• Take into account their product, trends, marketing opportunities, business’ long-term goals and key drivers of e-commerce

You don’t have to offer an unlimited number of linguistic options yet it is worth considering the languages spoken by the key e-commerce marketplaces such as Germany, France, Italy, Spain or China. According to Revenue Wire, to make use of 90% of business opportunities online, companies must provide carts in at least 13 languages: English, German, French, Italian, Spanish, Chinese, Japanese, Korean, Portuguese, Dutch, Arabic, Russian and Swedish.

Interested in how to overcome the language barrier? In a FREE demo presentation, our eCommerce expert will show you how and estimate your international sales potential and the additional revenue you will earn. Book NOW!

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What should be localised?

Remember to localise the following elements of your website:

  • Language: increase the comfort and convenience for your foreign customers and save them the hassle of third-party translation tools. Use language that is simple, informative and sounds native to local consumers.
  • Currency: present prices in different currencies even if you can’t accept payment in all of them. This information will give your customers an idea of the price without having to make an extra effort and resort to a currency converter.
  • Payment method: do some research on the most popular payment method in a given country. This will instill trust in your foreign customers. If they see payment methods they’re not particularly familiar with, they may be wary about security.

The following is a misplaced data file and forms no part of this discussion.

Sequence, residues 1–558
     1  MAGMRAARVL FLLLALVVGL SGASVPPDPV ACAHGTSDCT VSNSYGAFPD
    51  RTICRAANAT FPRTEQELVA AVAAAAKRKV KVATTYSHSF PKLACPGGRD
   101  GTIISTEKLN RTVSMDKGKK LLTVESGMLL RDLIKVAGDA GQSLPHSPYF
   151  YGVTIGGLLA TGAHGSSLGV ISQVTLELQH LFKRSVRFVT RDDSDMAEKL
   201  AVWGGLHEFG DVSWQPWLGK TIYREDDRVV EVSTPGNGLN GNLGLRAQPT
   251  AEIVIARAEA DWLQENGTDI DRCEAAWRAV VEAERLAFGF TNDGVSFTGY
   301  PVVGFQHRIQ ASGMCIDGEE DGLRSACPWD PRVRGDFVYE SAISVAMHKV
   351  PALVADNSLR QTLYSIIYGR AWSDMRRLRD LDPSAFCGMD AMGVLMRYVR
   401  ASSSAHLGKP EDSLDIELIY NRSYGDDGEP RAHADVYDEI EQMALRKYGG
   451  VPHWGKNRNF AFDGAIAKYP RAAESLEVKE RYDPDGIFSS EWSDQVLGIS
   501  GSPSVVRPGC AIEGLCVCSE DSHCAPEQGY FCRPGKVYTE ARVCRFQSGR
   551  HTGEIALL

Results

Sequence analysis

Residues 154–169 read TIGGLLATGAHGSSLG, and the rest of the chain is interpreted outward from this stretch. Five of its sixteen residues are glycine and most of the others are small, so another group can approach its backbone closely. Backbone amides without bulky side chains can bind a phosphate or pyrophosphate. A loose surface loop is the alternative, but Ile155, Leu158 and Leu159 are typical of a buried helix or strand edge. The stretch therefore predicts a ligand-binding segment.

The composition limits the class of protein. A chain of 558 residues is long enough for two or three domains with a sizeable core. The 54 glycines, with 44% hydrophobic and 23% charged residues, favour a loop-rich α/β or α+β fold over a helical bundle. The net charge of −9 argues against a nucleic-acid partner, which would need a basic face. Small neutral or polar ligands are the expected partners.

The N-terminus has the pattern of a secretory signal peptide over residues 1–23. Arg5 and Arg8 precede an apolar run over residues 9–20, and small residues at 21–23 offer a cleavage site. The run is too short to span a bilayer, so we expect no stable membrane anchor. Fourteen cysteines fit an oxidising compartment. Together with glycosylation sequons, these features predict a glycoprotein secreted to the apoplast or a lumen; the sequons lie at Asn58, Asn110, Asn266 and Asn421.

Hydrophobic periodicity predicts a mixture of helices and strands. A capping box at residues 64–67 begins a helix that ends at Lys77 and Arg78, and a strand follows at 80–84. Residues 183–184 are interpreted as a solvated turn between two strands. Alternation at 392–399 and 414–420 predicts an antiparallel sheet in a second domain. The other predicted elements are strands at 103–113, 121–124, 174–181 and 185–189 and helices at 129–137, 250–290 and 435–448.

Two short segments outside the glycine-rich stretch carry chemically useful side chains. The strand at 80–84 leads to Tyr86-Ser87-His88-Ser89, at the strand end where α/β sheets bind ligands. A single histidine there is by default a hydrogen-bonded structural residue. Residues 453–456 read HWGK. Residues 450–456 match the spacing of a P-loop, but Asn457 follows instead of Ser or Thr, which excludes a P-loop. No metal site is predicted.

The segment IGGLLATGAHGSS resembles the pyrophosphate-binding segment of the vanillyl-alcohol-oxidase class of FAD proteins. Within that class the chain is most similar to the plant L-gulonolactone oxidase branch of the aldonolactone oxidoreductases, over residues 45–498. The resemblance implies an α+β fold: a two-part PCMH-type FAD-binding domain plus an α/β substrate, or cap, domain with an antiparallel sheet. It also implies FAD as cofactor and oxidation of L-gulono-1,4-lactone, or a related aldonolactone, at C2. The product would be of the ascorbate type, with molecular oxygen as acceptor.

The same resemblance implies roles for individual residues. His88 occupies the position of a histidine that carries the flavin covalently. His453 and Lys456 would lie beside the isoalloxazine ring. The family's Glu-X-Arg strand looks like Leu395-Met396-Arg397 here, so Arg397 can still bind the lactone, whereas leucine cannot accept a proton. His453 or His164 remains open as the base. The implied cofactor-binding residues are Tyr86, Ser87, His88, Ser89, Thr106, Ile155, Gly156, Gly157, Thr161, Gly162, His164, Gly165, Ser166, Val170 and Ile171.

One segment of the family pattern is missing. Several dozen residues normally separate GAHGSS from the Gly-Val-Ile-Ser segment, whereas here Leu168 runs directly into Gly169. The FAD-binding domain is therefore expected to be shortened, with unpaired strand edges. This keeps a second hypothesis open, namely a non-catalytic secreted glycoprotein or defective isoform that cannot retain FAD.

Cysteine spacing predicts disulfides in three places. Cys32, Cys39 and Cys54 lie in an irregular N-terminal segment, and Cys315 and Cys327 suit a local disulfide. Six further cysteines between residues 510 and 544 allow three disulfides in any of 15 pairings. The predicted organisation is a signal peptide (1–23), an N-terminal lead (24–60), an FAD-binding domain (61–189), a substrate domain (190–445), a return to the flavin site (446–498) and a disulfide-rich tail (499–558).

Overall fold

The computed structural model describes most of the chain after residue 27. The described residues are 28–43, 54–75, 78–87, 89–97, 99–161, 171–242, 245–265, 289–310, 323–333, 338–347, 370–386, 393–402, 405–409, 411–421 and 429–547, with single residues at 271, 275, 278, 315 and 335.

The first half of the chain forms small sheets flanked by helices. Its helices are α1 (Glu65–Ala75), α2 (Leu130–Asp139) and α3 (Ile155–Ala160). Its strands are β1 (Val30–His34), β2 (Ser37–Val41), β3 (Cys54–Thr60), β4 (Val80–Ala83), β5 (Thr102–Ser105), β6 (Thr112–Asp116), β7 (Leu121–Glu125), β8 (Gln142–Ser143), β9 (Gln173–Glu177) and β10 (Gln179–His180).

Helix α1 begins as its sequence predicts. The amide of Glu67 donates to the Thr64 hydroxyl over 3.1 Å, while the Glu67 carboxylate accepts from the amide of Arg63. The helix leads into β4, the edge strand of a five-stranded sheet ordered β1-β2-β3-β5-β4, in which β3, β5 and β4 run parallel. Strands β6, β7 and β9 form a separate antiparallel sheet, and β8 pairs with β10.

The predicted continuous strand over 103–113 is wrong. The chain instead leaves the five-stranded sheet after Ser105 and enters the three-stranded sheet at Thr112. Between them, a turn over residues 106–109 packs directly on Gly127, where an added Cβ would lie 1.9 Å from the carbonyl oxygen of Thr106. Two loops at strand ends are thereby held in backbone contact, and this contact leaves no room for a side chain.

• Design: check the cultural design preferences. Not only will it increase the credibility of your product, but it will also improve the shopper’s experience. You may have to make some adjustments when you translate a website, for example some German words may be slightly longer than the English ones so you may have to tweak the design a bit.

All the activities required to break down language barriers can be delegated to companies who will provide you with translation, optimisation and localisation of your website. Some may also help you with the promotion of your products abroad free of charge. It’s worth doing some research to look for some viable options.

In a nutshell…


Inspire your customers with a feeling of confidence and trust – this is strongly related to being able to communicate in their native language. 


Try companies like Webinterpret to internationalise your store for FREE! Don’t assume that everybody speaks English as they may lose interest in your offer due to the extra linguistic hassle.

The highly competitive e-commerce world of today requires online sellers to be able to provide their buyers with the best possible shopper and user experience. This also applies to your international customers. Make this extra effort and localise your online presence to benefit from global sales.

Want to read more about Cross Border Trade? Check 7 factors that can make or break your international sales deal.

Other sources

http://www.telegraph.co.uk/finance/businessclub/sales/8516909/UK-exporters-face-ecommerce-language-barrier.html
http://ec.europa.eu
https://translationsinlondon.wordpress.com/2013/02/27/language-barrier-or-trigger-for-business-e-commerce/
http://www.gala-global.org/why-localize